To make organizing a cinch, purchase a first aid kit with supplies like bandages and gauze. Then, consider adding some of the following suggestions to round out your stock.
1. Herbal teas
Stash individually wrapped herbal teas like ginger or peppermint for upset stomach, nausea, and vomiting, or camomile for anxiety. Teas containing camomile, lavender, lemon balm, or passion flower can help excited kiddos settle down for some needed shut–eye. Pack a Thermos of warm water for steeped tea on the go.
Ginger root has shown, in research, to prevent and relieve nausea and vomiting. A fast and effective digestive aid, ginger root tea may also help with indigestion, lack of appetite, and flatulence. And, in case the back-to-school bugs get them, the tea is also effective as an expectorant to help with congestion from bronchitis, cold, and flu.
3. Essential oils
The breadth of options for essential oils is huge. But the essential ones are those that have calming effects, like lavender, and antiseptic effects, like tea tree oil. Be sure to use a carrier oil, like olive or almond oil, to dilute oils before using them with your kids. Checking first with your health care practitioner is also a good idea, especially if your kids have any allergies.
4. Tea tree oil
A natural antiseptic for cuts, tea tree oil is also used as a remedy for fungal infections like athlete’s foot. You might also want to make sure you have some on hand for back-to-school time, since tea tree oil has also shown effectiveness for combatting head lice.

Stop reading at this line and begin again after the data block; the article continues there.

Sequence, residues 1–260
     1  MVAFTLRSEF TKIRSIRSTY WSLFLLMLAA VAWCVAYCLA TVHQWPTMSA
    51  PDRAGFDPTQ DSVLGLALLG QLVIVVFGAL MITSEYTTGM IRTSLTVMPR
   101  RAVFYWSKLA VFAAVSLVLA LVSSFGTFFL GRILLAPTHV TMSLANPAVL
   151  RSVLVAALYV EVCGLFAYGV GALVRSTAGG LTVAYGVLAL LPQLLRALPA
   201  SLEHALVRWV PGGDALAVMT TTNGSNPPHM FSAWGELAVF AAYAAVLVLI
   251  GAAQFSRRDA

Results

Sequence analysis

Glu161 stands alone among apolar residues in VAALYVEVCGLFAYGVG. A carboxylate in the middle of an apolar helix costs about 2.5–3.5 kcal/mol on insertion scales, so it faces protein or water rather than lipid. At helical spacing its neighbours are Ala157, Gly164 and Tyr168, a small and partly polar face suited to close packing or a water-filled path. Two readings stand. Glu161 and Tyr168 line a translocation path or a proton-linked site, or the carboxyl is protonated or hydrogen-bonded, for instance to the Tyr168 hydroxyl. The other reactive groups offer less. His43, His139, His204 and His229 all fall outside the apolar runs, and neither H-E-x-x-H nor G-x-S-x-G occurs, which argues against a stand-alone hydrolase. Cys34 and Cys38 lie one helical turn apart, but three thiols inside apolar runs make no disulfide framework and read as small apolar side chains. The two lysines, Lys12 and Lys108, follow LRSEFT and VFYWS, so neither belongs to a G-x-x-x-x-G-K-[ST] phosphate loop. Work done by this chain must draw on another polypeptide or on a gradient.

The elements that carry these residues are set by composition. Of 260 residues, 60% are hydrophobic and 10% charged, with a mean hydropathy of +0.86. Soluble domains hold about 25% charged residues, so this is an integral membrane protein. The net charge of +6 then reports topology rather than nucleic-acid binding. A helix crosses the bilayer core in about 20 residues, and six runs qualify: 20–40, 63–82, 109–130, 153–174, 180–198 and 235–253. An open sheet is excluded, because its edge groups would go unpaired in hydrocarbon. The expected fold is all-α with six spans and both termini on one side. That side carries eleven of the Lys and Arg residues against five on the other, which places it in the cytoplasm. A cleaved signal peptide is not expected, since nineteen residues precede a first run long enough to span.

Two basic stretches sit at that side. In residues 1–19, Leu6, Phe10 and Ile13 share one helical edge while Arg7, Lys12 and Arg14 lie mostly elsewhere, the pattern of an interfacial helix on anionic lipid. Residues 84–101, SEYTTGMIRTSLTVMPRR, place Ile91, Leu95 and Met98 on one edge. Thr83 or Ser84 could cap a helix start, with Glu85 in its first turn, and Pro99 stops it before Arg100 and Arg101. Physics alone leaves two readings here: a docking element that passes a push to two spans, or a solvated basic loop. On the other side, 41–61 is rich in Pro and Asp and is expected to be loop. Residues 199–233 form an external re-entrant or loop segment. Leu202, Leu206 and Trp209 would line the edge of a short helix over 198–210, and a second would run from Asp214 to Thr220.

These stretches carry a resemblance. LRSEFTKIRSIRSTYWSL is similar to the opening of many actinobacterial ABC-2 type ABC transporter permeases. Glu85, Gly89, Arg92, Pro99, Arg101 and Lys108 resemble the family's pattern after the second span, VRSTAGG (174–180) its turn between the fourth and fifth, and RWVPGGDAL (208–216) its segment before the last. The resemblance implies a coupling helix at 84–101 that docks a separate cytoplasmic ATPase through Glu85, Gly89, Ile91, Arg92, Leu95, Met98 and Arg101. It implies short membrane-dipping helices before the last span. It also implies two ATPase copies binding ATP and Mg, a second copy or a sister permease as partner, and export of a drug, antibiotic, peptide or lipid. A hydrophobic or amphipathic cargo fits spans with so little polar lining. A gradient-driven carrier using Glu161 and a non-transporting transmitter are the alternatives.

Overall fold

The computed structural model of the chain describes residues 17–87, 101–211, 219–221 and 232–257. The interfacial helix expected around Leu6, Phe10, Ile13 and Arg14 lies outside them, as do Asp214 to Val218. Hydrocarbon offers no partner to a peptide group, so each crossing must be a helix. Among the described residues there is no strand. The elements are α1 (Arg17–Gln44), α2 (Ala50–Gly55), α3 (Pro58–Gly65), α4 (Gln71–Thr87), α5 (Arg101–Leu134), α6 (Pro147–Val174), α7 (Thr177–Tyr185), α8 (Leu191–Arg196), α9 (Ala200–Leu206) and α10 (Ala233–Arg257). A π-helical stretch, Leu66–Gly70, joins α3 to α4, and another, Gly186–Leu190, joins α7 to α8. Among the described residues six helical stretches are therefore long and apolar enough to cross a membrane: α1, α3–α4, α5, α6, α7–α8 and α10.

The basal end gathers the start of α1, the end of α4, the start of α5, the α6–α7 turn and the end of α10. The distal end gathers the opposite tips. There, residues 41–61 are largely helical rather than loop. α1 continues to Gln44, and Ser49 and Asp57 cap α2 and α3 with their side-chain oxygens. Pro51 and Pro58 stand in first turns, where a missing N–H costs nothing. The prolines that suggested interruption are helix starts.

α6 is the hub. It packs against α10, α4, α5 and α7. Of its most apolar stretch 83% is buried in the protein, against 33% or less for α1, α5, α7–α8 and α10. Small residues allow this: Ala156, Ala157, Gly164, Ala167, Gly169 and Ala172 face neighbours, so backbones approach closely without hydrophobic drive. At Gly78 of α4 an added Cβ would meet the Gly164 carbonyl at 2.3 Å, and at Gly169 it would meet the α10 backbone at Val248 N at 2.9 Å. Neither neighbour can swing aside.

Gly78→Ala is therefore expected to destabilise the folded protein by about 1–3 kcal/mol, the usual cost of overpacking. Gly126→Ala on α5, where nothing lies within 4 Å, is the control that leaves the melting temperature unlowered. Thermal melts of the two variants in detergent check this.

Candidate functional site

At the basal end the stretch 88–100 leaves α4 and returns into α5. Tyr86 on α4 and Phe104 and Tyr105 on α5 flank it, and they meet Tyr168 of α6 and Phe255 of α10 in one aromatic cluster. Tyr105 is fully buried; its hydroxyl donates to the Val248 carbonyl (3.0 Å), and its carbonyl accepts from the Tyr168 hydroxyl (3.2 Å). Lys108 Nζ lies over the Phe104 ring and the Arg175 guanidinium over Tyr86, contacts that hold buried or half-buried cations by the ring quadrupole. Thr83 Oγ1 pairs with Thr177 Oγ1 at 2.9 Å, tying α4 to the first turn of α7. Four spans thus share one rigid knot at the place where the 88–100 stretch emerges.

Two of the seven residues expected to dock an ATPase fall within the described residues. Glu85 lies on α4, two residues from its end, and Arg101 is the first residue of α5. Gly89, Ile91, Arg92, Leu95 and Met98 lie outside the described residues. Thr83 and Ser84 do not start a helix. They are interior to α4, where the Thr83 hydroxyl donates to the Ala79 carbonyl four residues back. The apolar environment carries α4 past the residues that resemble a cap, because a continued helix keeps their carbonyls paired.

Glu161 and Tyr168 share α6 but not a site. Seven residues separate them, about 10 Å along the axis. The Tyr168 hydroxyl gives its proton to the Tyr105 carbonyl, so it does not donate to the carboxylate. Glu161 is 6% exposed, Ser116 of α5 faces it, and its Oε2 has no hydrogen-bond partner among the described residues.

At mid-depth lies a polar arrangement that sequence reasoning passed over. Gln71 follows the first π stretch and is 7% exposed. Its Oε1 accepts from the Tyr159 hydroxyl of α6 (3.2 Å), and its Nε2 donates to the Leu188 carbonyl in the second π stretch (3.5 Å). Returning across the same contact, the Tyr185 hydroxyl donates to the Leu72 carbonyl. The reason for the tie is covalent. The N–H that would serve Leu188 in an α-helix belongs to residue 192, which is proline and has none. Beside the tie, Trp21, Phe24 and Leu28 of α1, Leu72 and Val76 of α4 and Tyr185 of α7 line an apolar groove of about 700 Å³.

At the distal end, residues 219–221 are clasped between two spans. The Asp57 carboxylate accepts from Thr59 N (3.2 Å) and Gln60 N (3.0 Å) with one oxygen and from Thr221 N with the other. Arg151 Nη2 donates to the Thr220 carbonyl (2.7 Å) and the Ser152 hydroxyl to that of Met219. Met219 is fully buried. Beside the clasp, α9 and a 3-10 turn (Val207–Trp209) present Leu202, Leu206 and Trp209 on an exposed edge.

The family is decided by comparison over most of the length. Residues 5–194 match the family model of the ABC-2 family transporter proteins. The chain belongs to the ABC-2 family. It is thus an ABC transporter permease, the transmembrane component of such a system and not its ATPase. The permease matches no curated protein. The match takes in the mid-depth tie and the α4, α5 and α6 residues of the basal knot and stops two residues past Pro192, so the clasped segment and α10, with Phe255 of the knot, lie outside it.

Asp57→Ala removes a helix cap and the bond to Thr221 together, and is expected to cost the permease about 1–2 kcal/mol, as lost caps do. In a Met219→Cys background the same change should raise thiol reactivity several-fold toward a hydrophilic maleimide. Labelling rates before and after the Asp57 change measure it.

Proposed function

5. Lavender oil
Used for easing pain, relieving burns, and reducing swelling, lavender oil is also known as an effective natural mosquito repellent, and relieves the itch and pain of bug bites and stings. Lavender oil can also be used as a calming sleep aid.
6. Salves and creams
When travelling with kids, salves and ointments are go-tos, especially if you’re travelling where the bugs are. Some of these ointments can also be helpful to soothe minor cuts and burns as well as the pain of sunburn.
7. Aloe vera
Used for treating minor cuts and burns, aloe vera can be found in pure gel form at most natural health stores or can be easily grown indoors. To remove the aloe gel from the plant, break off a leaf, slice it open, and remove the clear liquidy substance.
8. Baking soda
Easy to carry, a little baking soda and water, formed into a paste and applied to the affected area, will calm bug bites and stings. It also soothes the itch of sunburns, poison ivy, and chicken pox.
Calendula cream, ointment, or salve is also an effective topical treatment for wound healing and to help relieve skin inflammations and irritations such as rashes, cuts, itchy skin, abrasions, and insect bites.
For bruising, swelling, or insect bites, be sure to have some arnica-based cream or gel on hand. Arnica has been specifically studied in connection with its effects on bruise healing.